Fourth song goes under the title Stenhjärta (Stone Heart), a character from the book Mio My Mio, and just as "Vi Ses I Nangijala" this song following a easy and groove pace to settle through thorny rose bushes. Stenhjärta hates Valentine's Day. He has a heart out of stone and a iron claw that tearing flesh and bones. And during this violent slaughter, they offer a really nice guitar solo that will have you digging your way through rotten swamp in this hell environment.

Helvetesgapet (Hellmouth) is a gap that opened up the night when Ronja the Robber's Daughter was born, but it is also the title of the albums fifth track. This song is very catchy, it has a mixture of fast and slow rhythms and do also offer a great guitar solo that cleverly twists into Ronja's theme-song.

So who is Katla they sing about in the sixth song? If you've ever read or seen Lionhearts Brothers that's the final character in the form of an ugly and evil dragon they fight against. Song wise I can't help but think of the song Darknorsk! performed by Unchaste - There's a part in the song that is reminiscent of the same building and it annoys me a bit; not from a rendered and negative perspective, but the very idea that constantly gnaws in my head. It's not possible to ignore the idea in that Unchaste and Svartur Dödur actually was the greatness of current parody of black metal during the 90th century. Not to forget Vithattens "Don't Burn the Witch".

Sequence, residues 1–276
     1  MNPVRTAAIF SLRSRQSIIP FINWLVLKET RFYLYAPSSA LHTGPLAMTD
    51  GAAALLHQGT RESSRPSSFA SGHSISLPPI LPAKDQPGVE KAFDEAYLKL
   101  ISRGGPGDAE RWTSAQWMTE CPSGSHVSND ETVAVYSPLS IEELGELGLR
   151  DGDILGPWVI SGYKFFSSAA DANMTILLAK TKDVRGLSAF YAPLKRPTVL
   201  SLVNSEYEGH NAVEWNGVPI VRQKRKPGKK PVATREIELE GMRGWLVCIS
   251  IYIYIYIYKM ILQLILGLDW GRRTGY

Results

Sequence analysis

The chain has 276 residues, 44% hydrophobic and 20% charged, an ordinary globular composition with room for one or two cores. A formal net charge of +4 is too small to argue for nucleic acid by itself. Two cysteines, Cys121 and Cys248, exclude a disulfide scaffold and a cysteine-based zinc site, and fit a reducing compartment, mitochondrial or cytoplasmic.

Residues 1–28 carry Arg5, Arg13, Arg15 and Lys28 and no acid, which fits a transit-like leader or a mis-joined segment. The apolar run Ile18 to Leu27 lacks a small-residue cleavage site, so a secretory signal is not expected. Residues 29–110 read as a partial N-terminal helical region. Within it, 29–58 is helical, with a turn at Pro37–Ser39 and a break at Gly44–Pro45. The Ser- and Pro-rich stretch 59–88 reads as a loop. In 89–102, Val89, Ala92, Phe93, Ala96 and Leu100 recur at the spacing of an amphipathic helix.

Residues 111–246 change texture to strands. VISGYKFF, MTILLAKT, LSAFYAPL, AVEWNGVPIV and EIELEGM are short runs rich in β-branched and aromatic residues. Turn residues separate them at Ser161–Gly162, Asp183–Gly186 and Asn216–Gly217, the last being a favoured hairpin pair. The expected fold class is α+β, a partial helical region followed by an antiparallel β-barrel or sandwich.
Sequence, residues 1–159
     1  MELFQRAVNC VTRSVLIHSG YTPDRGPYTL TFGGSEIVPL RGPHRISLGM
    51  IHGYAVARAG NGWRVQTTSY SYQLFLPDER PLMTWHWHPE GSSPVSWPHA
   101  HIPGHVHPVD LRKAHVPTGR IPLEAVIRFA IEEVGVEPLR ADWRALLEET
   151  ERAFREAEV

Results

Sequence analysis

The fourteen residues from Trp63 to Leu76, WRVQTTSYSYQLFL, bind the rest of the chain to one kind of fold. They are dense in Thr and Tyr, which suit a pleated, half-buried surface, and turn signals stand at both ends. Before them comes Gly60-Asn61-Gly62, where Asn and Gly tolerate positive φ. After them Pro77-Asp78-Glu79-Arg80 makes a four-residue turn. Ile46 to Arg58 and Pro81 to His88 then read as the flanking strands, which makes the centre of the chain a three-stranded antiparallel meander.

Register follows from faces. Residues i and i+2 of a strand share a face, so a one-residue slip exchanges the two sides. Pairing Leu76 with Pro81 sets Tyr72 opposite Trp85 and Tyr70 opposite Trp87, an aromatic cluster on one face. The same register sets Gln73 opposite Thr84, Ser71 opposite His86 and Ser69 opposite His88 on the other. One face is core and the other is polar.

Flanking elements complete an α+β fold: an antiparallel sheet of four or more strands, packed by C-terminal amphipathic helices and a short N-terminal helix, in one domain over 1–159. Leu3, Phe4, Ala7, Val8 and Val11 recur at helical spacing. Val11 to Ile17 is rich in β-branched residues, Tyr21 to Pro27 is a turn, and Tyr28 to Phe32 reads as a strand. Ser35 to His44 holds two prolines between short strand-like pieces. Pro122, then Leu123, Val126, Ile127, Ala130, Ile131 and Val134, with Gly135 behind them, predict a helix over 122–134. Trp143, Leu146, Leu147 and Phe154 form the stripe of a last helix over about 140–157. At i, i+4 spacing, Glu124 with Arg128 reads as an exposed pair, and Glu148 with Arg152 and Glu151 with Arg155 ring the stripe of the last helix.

The last song is called "Eld" (Fire) and it is an epilogue with samples withdrawn from the movie above after the brothers have won the fight against Tengil and Katla. And all who are familiar with the tale of Nangijala, you will continue to Nangilima, and moving on from darkness to the lightened paradise. This is good, and gives us a hope that the band will give us more material in the future.

So how should I compile this album? It's very imaginative and with their satirical attributes you should absolutely not take the album deadly serious. This is humor and it allowes to joke about. It's very innocent and I absolutely love this kind of band that does not take themselves too seriously and who dare to float out. Musically speaking, the guys have developed something enormously from their debut album until today. Amazing structures, talented guitar solos and an endurance of potential black metal screams.

I find it difficult to count up how many times I've listened to this album since it was released. But at least a hundred times, and then I'm honest. I love the whole concept and I can really dreamed me into their living world - If I must add my favorite tracks, it is undoubtedly "I Skymningslandet" and "Helvetesgapet". I sincerely hope that Svartur Dödur continue their journey, that the end is not reached and it would have been great fun to experience these guys live one day.


Band members:
FaderwaR - Bass
Thorak - Drums
Skuggan - Vocals
Amok - Guitars

Label: Independent
Country: Sweden

Bandcamp: http://svarturdodur.bandcamp.com/
Facebook: https://www.facebook.com/svarturdodur/